Weekly market – Investors will have to ‘pull the rapids’ in 2022 (read and listen)



Listen to the podcast with Daniel Morris, Chief Markets Strategist, as he discusses the investment outlook and possible direction for macroeconomic policy as it seeks to address the social and economic challenges laid bare by the Covid. Or read our outlook summary below.


MACROECONOMICS AND MARKETS

This section highlights our view that:

• While some production constraints will persist until 2022, they will ultimately be resolved, allowing economies to return to trend growth rates without generating permanently higher inflation.

• The substantial accumulated savings of households means that consumers have the resources to embark on a spending frenzy that could have inflationary consequences. If, however, the aftermath of a global pandemic inhibits consumption, central bank and state support may be needed to encourage demand.

• We expect the momentum behind rising wages to wane as employers adjust their processes and invest capital to reduce their reliance on labor. The current relative weakness of the organized workforce means that comparisons with the 1970s are inappropriate.

• Equities will struggle to generate above-average returns in 2022. European equities should regain lost ground relative to their US peers. One of the critical calls will be whether value stocks can start to reverse their underperformance of recent years. The wide valuation gap between value and growth stocks and the prospect of higher interest rates suggests a hike is ahead.

• While uncompromising inflation should lead the US Federal Reserve to raise its key rates several times from mid-2022, we are only expecting a short cycle of key rate hikes. The upside potential for longer-term US Treasury bond yields should be limited by the capping of inflation expectations and the size of the Fed’s balance sheet keeping real yields low.

A SUSTAINABLE RECOVERY

We believe that green economic transformation can offer significant opportunities for investors.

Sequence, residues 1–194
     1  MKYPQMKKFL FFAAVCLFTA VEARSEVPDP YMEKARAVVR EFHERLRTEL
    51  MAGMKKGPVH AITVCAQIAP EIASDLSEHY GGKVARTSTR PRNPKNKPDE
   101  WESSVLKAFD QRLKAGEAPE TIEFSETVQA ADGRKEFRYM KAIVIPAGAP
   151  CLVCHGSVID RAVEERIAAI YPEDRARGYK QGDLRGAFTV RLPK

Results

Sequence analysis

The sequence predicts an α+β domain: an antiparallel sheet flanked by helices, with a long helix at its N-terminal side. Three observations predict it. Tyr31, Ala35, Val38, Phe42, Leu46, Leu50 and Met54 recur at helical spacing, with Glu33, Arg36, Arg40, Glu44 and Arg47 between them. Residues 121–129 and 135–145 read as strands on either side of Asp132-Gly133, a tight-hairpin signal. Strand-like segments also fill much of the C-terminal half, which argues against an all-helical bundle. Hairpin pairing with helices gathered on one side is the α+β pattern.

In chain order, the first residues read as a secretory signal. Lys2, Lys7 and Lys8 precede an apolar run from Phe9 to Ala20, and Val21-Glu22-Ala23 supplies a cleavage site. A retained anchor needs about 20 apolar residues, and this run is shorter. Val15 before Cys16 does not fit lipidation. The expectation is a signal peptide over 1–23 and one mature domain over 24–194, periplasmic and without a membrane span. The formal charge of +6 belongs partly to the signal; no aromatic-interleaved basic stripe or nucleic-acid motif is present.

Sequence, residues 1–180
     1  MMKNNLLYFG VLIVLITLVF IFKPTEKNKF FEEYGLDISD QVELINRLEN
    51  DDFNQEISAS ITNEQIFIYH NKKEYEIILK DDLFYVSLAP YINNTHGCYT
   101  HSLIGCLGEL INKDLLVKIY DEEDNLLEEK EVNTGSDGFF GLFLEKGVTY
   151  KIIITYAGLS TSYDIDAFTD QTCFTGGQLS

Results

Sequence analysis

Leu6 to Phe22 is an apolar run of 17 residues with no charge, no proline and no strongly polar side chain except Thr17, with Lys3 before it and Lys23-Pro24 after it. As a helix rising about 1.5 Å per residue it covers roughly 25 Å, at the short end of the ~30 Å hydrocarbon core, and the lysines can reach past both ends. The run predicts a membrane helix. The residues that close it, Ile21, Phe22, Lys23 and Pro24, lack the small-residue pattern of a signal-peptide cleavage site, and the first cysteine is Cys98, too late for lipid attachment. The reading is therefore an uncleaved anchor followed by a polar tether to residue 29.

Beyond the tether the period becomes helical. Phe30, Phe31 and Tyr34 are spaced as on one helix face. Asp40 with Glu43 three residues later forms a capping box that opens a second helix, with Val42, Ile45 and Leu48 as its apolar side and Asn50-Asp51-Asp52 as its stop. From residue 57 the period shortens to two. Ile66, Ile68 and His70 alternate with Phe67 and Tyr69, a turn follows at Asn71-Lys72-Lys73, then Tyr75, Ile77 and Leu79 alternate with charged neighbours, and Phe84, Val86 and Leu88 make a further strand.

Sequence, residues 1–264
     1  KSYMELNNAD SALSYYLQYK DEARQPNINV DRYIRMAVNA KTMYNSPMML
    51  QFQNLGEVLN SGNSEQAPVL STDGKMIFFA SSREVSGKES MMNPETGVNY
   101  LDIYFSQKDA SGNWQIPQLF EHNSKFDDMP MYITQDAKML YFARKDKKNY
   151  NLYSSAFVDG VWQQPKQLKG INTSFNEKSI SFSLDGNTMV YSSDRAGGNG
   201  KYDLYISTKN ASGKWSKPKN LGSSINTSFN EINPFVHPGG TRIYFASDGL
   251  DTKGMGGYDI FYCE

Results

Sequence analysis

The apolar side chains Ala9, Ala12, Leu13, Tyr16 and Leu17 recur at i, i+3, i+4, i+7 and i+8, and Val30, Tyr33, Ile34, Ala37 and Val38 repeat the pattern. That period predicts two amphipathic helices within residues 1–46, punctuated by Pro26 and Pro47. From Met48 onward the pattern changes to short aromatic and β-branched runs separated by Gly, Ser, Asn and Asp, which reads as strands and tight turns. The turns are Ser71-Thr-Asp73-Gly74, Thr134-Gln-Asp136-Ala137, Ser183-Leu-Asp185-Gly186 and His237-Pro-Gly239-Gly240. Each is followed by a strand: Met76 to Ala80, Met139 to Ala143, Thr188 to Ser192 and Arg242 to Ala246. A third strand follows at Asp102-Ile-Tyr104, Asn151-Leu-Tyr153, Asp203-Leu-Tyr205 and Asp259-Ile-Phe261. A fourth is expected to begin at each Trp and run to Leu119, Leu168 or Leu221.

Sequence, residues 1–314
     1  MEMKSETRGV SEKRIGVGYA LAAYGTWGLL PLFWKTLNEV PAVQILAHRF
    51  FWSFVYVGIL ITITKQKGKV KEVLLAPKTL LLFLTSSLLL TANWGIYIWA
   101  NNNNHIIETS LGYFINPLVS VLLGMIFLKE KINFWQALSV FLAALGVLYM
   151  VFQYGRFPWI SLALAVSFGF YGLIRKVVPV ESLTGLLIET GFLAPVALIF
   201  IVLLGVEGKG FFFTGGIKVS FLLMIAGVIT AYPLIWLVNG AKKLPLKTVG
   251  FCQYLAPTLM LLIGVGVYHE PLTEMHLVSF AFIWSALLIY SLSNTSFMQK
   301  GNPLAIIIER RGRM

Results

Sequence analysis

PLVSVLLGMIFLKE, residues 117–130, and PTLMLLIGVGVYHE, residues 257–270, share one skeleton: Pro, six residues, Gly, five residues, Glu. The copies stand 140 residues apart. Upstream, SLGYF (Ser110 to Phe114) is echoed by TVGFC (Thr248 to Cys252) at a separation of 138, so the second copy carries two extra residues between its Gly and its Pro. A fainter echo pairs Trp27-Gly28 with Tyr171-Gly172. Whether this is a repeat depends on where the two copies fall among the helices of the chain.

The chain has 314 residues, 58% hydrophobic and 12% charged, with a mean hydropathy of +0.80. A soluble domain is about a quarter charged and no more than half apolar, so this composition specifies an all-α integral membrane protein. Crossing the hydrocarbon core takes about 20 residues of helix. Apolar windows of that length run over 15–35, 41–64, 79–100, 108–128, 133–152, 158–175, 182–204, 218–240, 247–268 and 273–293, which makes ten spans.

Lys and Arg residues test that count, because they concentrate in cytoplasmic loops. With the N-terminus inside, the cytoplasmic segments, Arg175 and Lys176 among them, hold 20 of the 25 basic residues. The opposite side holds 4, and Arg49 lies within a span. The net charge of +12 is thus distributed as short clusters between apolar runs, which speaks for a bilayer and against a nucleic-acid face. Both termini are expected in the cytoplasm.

The current crisis reminds us that as investors we must align our investments with achieving long-term sustainable growth. Investing for the long term will be crucial, as the typical 3-5 year investment cycle does not match the lifespan of financing the switch to green hydrogen or the innovation required to achieve electric mobility, restore power. natural capital and build green infrastructure.

LONG-TERM INVESTMENT THEMES

Our investment themes for 2022 have both a sustainability angle – energy transition and environmental sustainability – and a focus on long-term trends, including healthcare innovation and disruption via new technologies.

Our regional spotlight is focused on China, the world’s fastest growing large economy, home to many innovative companies and a market that increasingly warrants autonomous allocation within multi-asset portfolios.

Download the full PDF of BNP Paribas Asset Management’s 2022 Investment Outlook


All opinions expressed herein are those of the author as of the date of publication, are based on available information, and are subject to change without notice. Individual portfolio management teams may have different opinions and make different investment decisions for different clients. This document does not constitute investment advice.

The value of investments and the income from them may go down as well as up and investors may not get their original stake back. Past performance is no guarantee of future returns.

Investing in emerging markets, or in specialized or small sectors is likely to be subject to above average volatility due to a high degree of concentration, greater uncertainty as less information is available. available, there is less liquidity or due to greater sensitivity to changes in market conditions (social, political and economic conditions).

Some emerging markets offer less security than the majority of international developed markets. For this reason, portfolio transaction, liquidation and custody services on behalf of funds invested in emerging markets may involve greater risk.



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